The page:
Thousands of student protesters flooded the streets in Montreal last night after Quebec Premier Jean Charest announced a proposal for a new 'emergency law' in a bid to end the ongoing 14 week old student uprising and strike.
The proposed legislation would halt the spring semester, push up the summer holidays, and restart classes in August. The move would maneuver around the current student strike and walkouts, moving classes to later in the year, in an effort to 'restore calm'.
The government also hinted at severe penalties for anyone who tries to picket or prevent students from entering classrooms; further details about the extent of the law and its penalties will be released today.
The demonstrations on Wednesday night followed this announcement, as several thousand students met with police, who have started cracking down on the protests across Quebec. Up to 122 students were arrested, as "the acrid scent of police crowd-control chemicals billowed in the cool nocturnal air," National Post/CA reports. "This on a night when Charest shared plans to clean things up."
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The unrest on Wednesday night followed the Quebec government’s announcement it would suspend the current academic session for striking students in an effort to calm things down.
It also hinted at more punitive measures, without sharing details. [...]
In that charged atmosphere, thousands of chanting students spilled into the streets of Montreal, marching straight to the city’s main commercial district. Their demonstration was peaceful until some rocks apparently thrown at police resulted in riot squad charges to clear Ste-Catherine Street. [...]
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Authorities reported 122 arrests, three injured police officers and also some injured protesters.
Charest’s legislation would temporarily halt the spring semester for the minority of faculties paralyzed by the walkouts; push up the summer holidays; and reconvene students in August so they can complete their session before starting the fall one in October.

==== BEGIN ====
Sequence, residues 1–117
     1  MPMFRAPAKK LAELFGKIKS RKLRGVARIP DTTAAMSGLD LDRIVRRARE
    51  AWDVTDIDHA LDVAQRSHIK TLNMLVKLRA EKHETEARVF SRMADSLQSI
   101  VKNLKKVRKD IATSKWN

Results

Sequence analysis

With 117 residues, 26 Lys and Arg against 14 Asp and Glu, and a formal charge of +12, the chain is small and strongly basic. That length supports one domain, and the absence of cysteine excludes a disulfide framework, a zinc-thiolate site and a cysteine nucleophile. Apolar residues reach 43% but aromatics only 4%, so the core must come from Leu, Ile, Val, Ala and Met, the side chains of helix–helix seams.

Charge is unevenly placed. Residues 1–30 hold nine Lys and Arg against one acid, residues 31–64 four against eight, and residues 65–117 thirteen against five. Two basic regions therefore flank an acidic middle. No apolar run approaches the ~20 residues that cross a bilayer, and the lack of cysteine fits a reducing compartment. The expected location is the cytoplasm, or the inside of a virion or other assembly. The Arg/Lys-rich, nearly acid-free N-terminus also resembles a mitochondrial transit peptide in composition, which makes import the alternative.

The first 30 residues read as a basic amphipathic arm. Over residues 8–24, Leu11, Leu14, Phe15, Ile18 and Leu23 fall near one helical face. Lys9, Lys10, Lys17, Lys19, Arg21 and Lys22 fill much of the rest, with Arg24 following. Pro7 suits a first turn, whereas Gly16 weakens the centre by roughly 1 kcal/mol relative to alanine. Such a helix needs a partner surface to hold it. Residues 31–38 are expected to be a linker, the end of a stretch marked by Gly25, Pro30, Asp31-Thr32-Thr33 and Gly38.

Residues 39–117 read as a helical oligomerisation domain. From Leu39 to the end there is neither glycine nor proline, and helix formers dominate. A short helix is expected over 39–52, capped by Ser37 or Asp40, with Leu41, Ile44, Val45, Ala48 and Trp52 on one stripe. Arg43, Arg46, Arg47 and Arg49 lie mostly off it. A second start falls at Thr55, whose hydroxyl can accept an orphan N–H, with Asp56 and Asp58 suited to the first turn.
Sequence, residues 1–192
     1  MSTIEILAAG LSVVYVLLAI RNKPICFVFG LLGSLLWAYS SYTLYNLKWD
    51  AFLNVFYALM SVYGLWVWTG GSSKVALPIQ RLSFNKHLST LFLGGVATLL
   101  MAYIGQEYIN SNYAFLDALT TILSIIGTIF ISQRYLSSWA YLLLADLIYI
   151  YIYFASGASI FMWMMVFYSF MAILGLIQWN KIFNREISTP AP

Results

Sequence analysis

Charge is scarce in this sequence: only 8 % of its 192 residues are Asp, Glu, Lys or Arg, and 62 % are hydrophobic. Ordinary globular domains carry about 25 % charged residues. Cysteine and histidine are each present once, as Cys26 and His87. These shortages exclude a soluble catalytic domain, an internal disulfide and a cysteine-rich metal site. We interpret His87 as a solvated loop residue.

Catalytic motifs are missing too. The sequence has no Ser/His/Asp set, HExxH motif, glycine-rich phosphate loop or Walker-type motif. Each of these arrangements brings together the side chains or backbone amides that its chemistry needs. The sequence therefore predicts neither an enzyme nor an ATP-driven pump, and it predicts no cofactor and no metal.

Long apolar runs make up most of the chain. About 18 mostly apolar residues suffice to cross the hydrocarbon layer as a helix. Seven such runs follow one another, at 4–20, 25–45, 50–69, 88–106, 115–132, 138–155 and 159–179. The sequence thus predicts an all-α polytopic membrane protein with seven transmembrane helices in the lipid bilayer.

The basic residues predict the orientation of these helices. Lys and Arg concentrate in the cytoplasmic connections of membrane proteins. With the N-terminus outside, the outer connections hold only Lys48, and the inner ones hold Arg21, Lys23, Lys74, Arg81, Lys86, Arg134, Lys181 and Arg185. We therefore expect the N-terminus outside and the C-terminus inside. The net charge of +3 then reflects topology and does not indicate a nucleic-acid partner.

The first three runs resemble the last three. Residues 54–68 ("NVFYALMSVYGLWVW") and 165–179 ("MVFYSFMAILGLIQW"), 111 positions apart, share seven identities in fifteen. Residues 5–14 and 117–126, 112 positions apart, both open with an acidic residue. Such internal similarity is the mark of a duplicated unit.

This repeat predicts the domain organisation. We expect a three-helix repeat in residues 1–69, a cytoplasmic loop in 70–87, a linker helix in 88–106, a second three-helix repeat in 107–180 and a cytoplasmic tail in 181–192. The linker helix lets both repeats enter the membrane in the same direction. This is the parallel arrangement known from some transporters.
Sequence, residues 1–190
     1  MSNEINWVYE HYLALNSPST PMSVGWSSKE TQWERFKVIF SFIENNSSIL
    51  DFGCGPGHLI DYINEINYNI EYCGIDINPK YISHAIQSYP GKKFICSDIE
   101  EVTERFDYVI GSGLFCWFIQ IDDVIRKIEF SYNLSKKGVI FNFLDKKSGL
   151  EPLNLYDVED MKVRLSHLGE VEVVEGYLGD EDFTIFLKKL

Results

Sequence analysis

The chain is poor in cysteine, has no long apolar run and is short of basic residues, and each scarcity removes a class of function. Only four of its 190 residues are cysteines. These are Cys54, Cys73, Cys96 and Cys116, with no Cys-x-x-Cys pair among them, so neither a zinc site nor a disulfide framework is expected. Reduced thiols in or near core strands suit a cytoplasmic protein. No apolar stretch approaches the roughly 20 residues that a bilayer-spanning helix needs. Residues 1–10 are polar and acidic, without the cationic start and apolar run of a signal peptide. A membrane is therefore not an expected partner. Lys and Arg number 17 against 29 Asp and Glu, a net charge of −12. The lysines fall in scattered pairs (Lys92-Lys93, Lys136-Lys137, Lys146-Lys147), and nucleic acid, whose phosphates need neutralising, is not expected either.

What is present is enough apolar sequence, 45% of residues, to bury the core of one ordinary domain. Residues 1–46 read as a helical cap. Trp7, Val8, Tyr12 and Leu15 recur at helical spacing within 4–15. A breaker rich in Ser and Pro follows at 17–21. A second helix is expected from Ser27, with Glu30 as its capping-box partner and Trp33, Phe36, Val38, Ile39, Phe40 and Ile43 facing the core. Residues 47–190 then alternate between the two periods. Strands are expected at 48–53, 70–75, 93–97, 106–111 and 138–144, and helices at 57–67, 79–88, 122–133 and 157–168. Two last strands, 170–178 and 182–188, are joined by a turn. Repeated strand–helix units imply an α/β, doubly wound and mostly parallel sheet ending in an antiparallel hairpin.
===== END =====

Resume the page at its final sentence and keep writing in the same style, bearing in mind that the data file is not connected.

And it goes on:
The government also hinted at severe penalties for anyone who tries to picket or otherwise prevent students from entering classrooms.
Charest did not answer when asked about reports of stiff fines. He simply said those details would be revealed when the legislation is tabled — perhaps as early as Thursday.
He did make it clear the legislation will target the crowds of protesters who have blocked access to schools and even stormed into classrooms in an attempt to enforce what they call a legal strike.
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Associated Press: Emergency law considered in Quebec student protest
Quebec was set to consider emergency legislation Thursday aimed at calming weeks of student protests over rising tuition costs, after thousands took to the streets once again and more than 100 were arrested.
Authorities said 122 were arrested late Wednesday as thousands of demonstrators spilled into the streets of Montreal, with some smashing bank windows and hurling objects at police.
Legislation could be introduced as early as Thursday amid student strikes. Dozens of protesters on Wednesday stormed into one Montreal university for the first time, breaking up classes.
Premier Jean Charest said he would table emergency legislation aimed at ending the disorder, while sticking to the planned tuition hikes.
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